The Origin Story
Making only several dozen watches per year, Laurent Ferrier is a true independent manufacture, producing pieces with a quality and know-how which is long lost in many corners of the watch world.
It is headed by Ferrier himself, who worked at Patek Philippe
for 40 years, finishing as their creative director.
Though it may not be apparent from the design of the watches themselves, the inception of the brand actually took place on a race track. Whilst at Patek Philippe
, Ferrier used to race in the 24 Hours of Le Mans, the world's oldest active sports car race in endurance racing, with his friend François Sérvanin. This even culminated with the pair coming third in 1979, which Ferrier marked by gifting Sérvanin an engraved Nautilus 3700. Following their joint success, the two friends decided to launch the brand together, as Sérvanin was retiring and wanted to invest in a new venture. As Ferrier puts it,
"He wasn’t a collector or connoisseur, he gave me carte blanche in terms of the approach and design. It was of absolute importance, in my mind, that we develop a calibre from scratch, so myself and my son Christian, set about making that happen."
Capturing his dedication to his new eponymous brand, Ferrier developed a double spiral tourbillon movement as his first project. This would set the tone for what would come next. Combining traditional manufacturing techniques and design principles with contemporary innovation, the manufacture now creates pieces which combine watchmaking classicism and modern reliability.
A Classic Design
This Laurent Ferrier Galet Micro-Rotor is sized at a contemporary 40mm, and has a distinctive amorphous, bevel-free shape. The case features a rounded bezel, thin lugs and the manufactures' signature onion shape crown, which work proportionately well together. The entire watch is polished and mirror finished, while the crown itself is engraved with a pattern.
Much like the case, the dial adopts a subtle, classic approach, with a finely brushed finish and recessed, snailed subsidiary seconds. The two patterns offer a welcome texture, in contrast to the highly polished case. These are accented with applied Breguet numerals, corresponding with Laurent Ferrier’s signature ‘Assegai’-shaped hands. Both the index markers and vertical brushing on the dial are reminiscent of some early Patek Philippe Calatrava models, which often featured the two together.
The dial signature at 12 o’clock is also a silvery-grey print, maintaining the overall minimalistic design and colour palette. The grey dial is one which is executed on a number of Galet Micro-Rotors, though few capture the look and feel of Laurent Ferrier’s main source of inspiration more prominently than this combination.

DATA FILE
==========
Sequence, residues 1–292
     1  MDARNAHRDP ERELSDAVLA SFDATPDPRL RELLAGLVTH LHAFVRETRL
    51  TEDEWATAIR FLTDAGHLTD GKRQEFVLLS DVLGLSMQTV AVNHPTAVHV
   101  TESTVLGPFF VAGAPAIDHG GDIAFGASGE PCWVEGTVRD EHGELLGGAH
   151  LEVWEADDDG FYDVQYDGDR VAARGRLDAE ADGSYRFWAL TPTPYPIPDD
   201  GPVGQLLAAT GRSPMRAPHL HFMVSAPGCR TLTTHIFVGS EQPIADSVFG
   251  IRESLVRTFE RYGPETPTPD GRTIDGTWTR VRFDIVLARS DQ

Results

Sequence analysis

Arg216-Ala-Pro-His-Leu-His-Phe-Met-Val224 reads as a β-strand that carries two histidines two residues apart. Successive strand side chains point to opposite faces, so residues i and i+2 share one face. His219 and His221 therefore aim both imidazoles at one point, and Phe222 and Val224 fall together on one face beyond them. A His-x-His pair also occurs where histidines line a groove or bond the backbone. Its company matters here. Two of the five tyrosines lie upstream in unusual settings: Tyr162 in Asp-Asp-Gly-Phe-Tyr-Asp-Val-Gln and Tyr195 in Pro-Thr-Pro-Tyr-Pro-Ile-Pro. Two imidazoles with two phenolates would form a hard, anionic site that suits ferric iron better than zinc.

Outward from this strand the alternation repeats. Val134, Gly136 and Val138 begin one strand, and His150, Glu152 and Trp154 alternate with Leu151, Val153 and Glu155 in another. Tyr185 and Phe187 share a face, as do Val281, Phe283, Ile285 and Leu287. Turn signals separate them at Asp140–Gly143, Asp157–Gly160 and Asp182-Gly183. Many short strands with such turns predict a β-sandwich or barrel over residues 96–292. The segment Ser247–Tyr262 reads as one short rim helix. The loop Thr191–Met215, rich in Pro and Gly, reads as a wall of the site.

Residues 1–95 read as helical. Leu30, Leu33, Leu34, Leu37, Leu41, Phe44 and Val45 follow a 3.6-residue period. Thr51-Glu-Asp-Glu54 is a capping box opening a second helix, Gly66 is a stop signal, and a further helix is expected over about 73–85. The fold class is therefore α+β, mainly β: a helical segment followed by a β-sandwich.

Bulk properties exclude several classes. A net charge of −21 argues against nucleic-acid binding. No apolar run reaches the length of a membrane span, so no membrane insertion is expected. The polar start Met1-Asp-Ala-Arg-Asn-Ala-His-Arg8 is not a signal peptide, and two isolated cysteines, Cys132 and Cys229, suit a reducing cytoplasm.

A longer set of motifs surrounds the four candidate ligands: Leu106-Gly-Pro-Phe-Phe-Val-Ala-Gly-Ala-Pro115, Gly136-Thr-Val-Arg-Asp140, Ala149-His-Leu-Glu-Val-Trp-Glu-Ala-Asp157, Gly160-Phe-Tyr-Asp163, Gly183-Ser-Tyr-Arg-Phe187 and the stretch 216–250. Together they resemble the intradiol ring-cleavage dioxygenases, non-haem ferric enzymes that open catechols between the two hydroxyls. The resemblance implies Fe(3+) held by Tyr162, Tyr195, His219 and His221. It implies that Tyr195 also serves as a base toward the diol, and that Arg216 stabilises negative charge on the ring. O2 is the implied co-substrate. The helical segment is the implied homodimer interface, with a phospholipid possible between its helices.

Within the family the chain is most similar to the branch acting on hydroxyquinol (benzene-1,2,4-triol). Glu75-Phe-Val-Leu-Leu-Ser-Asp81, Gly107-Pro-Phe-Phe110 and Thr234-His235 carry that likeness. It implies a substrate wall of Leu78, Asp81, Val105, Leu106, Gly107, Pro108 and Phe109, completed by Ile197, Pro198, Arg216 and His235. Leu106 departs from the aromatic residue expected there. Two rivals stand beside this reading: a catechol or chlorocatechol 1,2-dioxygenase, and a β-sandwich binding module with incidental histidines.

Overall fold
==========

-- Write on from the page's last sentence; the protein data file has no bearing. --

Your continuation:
Powered by Laurent Ferrier’s self-winding calibre LF 229.01, it is interesting to note that where haute-horology often favours a manual-winding movement, (uninterrupted by a rotor), Laurent Ferrier decided that contemporary needs, called for an automatic movement. The solution was the incorporation of a micro-rotor as a winding mechanism, allowing the architecture of the movement to be shown completely. The fan-shaped rotor is made of solid gold and is suspended by a large bridge, together, intended to create the impression of a bird standing on one foot. Furthermore, it uses a pawl, allowing it to wind in a unidirectional manner, adding efficiency and reliability.
Impressively, this Laurent Ferrier Galet Micro-Rotor employs a double direct-impulse escapement, that improves the movement through its ability to use less power and maintain amplitude, achieved through the escape lever being locked down between two escape wheels. The finishing of the movement is a major focus for the Galet Micro-Rotor, with contrasts established between the perlaged backdrop and the thick circular grained Geneva Stripes on the bridges. When viewed under a loupe, the incredibly precise finishing of the interior angles are shown, which are uniformly achieved through the use of a burin, and the handwork of the manufacture's skilled craftsmen.
The timekeeping of the Galet Micro-Rotor is impressive - it is chronometer-certified by the Besançon Observatory, outperforming its more commonly, COSC-approved peers. It has a power reserve of 80 hours.
This Laurent Ferrier Galet Micro-rotor comes on one of our Tokyo grey grained leather straps; its original Laurent Ferrier alligator strap and corresponding steel pin buckle. It's also accompanied by the original outer and inner boxes, along with the original paperwork from Laurent Ferrier.